Utah’s drought might bring out the bears… Here’s how to protect yourself
SALT LAKE CITY– There’s a strong possibility Utah’s drought will bring out bears more than normal this year. With the majority of Utah’s snowpack 50-60% below original levels and 90% of a bear’s diet relying on root-like vegetation, food may be hard for a bear to come by.
The Utah Department of Wildlife Resources (DWR) is warning the public: the likelihood of bear conflicts increases during a drought year due to the lack of a normal food source available, causing the animal to go hunting for sustenance in unexpected places.
“We are already getting reports in some areas of the state where bears are getting into people’s garbage scavenging for food. Bears could be more aggressive this year than normal as they try to obtain food, so we really want people to be aware and do all they can to eliminate food sources and not draw a bear to their area,” Darren DeBloois, Utah Division of Wildlife Resources game mammals coordinator, warned in a statement Monday.
The catch is, bears don’t care what they eat… as long as they do. Unpleasant interactions tend to occur when a bear sniffs out food a human is eating and cooking in their natural habitat and sometimes elsewhere.
“Once it finds food, a bear will often become aggressive toward anything it perceives as threatening the area where it found the food — that includes people,” DeBloois said.
In other words–stay alert know how to protect yourself from the hungry bear.
Tip #1: Bear-proof food, supplies and trash cans
The first piece of advice from the DWR is pretty simple. Don’t leave food and personal belongings out in the open or in a tent, especially scented items like toothpaste and deodorant. A hungry bear will ravage a tent if it smells something it can eat. Instead, DWR recommends storing scented items in a trailer or car.
As black bears creep into campsites and neighborhoods looking for food, having a bear-proof trash can will lower the chance of an encounter. Make sure garbage cans are in a secure place, like the garage.
DWR also advises taking your trash to the curb on the morning it will be picked up instead of bringing it out the night before. And don’t forget to clean your trash cans regularly! For sanitary and avoiding black bears alike.
The good news is a black bear won’t stick around for long if it can’t get its hands on a snack.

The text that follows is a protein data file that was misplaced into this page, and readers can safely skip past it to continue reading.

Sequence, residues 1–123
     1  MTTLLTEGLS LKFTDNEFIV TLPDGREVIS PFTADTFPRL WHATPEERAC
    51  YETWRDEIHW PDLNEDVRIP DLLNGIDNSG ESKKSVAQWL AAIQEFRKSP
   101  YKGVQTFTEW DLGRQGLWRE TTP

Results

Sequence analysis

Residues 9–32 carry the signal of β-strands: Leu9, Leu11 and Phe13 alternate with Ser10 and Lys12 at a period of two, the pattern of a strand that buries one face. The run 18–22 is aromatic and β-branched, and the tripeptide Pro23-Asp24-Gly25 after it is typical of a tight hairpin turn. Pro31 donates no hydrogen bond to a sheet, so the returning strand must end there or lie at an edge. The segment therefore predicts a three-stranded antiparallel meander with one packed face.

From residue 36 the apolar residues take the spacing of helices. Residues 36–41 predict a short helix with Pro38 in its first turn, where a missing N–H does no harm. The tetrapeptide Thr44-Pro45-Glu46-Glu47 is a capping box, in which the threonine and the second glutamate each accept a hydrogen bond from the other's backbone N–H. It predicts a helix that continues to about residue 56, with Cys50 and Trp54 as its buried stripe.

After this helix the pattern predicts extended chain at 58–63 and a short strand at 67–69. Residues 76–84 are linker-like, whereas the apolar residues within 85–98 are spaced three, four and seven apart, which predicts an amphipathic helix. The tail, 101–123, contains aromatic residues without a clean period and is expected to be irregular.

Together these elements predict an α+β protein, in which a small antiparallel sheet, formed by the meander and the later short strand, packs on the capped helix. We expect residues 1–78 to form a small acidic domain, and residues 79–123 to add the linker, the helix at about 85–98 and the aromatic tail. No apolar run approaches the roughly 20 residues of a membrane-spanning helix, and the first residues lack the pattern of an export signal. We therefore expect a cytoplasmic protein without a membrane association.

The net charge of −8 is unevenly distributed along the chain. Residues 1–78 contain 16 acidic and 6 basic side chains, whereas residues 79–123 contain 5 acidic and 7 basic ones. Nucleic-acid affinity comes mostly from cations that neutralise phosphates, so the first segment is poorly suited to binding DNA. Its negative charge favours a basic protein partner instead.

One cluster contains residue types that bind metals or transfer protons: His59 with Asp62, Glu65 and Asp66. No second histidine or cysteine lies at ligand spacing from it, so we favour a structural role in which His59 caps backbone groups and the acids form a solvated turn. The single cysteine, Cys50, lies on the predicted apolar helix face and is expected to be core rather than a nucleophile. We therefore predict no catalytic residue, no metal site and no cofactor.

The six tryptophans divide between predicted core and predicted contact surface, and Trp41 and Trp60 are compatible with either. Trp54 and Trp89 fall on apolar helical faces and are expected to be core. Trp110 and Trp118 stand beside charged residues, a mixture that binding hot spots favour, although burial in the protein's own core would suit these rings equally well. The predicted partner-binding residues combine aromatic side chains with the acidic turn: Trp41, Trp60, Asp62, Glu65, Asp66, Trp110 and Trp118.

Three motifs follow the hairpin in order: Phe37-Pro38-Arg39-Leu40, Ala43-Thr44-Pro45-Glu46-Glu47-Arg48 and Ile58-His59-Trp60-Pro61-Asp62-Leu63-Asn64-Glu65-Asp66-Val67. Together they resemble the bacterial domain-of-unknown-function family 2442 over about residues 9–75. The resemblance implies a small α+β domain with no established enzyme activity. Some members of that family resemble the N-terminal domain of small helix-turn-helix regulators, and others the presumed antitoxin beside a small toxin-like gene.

Tip #2: Clean up after yourself
It’s a lesson your parents drilled to your noggin’: clean up after yourself. That lesson could save you an encounter with a black bear. When camping or grilling on the deck, make sure to properly dispose of trash and scraps. After eating, wipe down tables and cooking supplies thoroughly, leaving as little of a trace as possible.
If cooking with oil or grease, never dump it out on the ground. Instead, pour the substance into an airtight container.
Additionally, ensuring a clean campsite after you’ve left the area will also protect those who use the spot later.
“If a bear visits the area after you leave and then someone comes into that area to camp, you’ve created a potentially dangerous situation,” DeBloois said.
Tip #3: Don’t feed the bear
You will not make friends with the bear if you solve its hunger problem by feeding it. Bears are not friendly–they are predators. They will hurt you. And if a bear does hurt you, DWR officers will be forced to euthanize the animal as a matter of public safety.
“We enjoy managing and protecting animals so Utahns can get outdoors and enjoy them. Having to euthanize an animal — because someone didn’t do something as simple as keeping their campsite clean and storing food in a secure area — is tough. Please don’t put us in that situation,” said DeBloois.
Tip #4: Remove items that attract bears
There have already been bear sitings around the state, and considering Utah is black bear country, more are bound to happen. This is even more true for foothill and mountainous residents.
DWR says it’s important to properly secure or clean yard items that may attract a bear.
Some of these include:
- Birdfeeders (both seed and hummingbird)
- Fruit trees
- Compost piles
- Pet food and water bowls
- Unsupervised outdoor pets (especially at night)
- Barbecue grills
Tip #5: Know what to do if you encounter a bear
In the unfortunate event you do come in close contact with a bear–knowing what to do could be a matter of life and death.
DWR states the following in protecting yourself against a bear:
- Stand your ground: Never back up, lie down or play dead. Stay calm and give the bear a chance to leave. Prepare to use your bear spray or another deterrent.
- Don’t run away or climb a tree. Black bears are excellent climbers and can run up to 35 mph — you cannot outclimb or outrun them.
- Know bear behavior. If a bear stands up, grunts, moans or makes other sounds, it’s not being aggressive. These are the ways a bear gets a better look or smell and expresses its interest.
- If a black bear attacks, always fight back. And never give up! People have successfully defended themselves with almost anything: rocks, sticks, backpacks, water bottles and even their hands and feet.
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